POSTCARDS FROM 88… Andy Barker, 808 State
There’s no doubt that the summer of 1988 marked a watershed moment in the history of dance, as the house rhythms of Chicago, artistic exuberance of Ibiza, and electronic soundscapes of Detroit surged through club culture. Acid house had arrived.
With this in mind, 909originals presents ‘Postcards from 88’, a series that sees leading DJs, promoters, journalists, club owners, photographers, and of course the clubbers themselves, shed some light on just what went on during those halcyon days, 30 years ago.
This week’s ‘Postcards from 88’ features an individual that helped soundtrack much of the UK dance movement in the late 80s and early 90s, as a member of seminal Manchester outfit 808 State (which, by the way, you can catch on tour during the months of November and December)… Andy Barker.
Also, in case you’re wondering, in the picture below, that’s him in the back, on the right! 🙂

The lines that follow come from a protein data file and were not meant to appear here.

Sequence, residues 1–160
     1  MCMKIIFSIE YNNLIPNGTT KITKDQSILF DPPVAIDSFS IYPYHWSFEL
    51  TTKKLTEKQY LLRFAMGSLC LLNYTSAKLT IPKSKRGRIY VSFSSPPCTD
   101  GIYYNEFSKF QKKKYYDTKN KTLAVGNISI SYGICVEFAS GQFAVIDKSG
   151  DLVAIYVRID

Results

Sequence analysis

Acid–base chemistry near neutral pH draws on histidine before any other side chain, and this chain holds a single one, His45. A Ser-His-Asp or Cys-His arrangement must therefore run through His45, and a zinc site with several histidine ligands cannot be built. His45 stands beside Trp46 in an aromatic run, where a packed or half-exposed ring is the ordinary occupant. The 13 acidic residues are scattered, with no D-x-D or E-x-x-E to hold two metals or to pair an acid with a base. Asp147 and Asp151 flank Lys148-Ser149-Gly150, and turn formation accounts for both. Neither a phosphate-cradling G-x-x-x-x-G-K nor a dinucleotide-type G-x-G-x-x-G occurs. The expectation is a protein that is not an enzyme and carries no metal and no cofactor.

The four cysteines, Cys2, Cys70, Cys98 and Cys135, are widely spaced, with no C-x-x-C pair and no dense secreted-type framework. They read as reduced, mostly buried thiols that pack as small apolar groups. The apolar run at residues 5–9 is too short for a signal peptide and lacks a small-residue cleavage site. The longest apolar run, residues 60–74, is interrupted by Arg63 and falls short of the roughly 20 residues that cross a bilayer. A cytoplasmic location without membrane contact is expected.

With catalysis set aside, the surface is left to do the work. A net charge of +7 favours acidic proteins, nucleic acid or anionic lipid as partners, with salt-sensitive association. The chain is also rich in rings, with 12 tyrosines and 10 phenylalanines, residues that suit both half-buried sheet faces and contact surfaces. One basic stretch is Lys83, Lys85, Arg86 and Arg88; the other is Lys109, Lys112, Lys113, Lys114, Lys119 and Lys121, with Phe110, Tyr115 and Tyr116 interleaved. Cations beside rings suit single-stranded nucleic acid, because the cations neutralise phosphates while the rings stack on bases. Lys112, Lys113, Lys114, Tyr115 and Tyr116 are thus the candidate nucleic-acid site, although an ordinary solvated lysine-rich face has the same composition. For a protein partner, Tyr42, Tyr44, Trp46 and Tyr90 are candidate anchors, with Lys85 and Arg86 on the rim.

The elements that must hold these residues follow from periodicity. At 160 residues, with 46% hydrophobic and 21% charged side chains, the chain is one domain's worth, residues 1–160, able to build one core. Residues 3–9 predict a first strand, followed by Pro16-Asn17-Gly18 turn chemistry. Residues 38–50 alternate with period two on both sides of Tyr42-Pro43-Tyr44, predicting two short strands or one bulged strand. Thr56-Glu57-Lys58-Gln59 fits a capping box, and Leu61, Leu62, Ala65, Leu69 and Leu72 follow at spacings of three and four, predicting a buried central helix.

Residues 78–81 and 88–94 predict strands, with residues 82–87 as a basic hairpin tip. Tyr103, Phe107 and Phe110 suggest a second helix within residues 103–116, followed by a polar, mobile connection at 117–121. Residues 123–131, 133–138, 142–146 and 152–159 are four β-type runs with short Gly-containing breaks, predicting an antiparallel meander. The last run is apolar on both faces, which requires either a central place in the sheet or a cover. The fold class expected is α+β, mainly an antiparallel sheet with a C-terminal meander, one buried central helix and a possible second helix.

Q. Do you remember what you were doing as the Summer of 1988 started?
When the Summer of Love started in 1988, I was DJing – mostly playing hip-hop, electro, house music, and hip-house. I started to realise that something was changing when I heard some early acid house records, which I really liked, and that swung me more into that kind of stuff and leaving the hip-hop behind.
Q. Was there a particular tune from the Summer of 1988 that stood out for you? Why?
I think the big tune for me in 88 was Rhythim Is Rhythim’s Strings Of Life – it had lots of energy and was completely different from anything else around at the time. It was actually released in 1987.
Q. Why do you think that people are still so interested in the origins of the dance scene, old school and everything that goes with it?
I think people are still interested in the origins of it because it has a good story to tell. For lots of young people that are getting into dance music – like any other music – you want to find out where this music started… where it came from.
Q. If the ‘you’ from 1988 could give the ‘you’ from 2018 a piece of music-related advice, what would it be?
I can’t believe this music scene is still going, 30 years on… and you’ve been able to have a career in it!
[Thanks to Andy for this week’s interview. Kudos to TerryF**kwitt for the YouTube upload. Postcards from 88 continues next week. Check out the other interviews in the series by clicking here]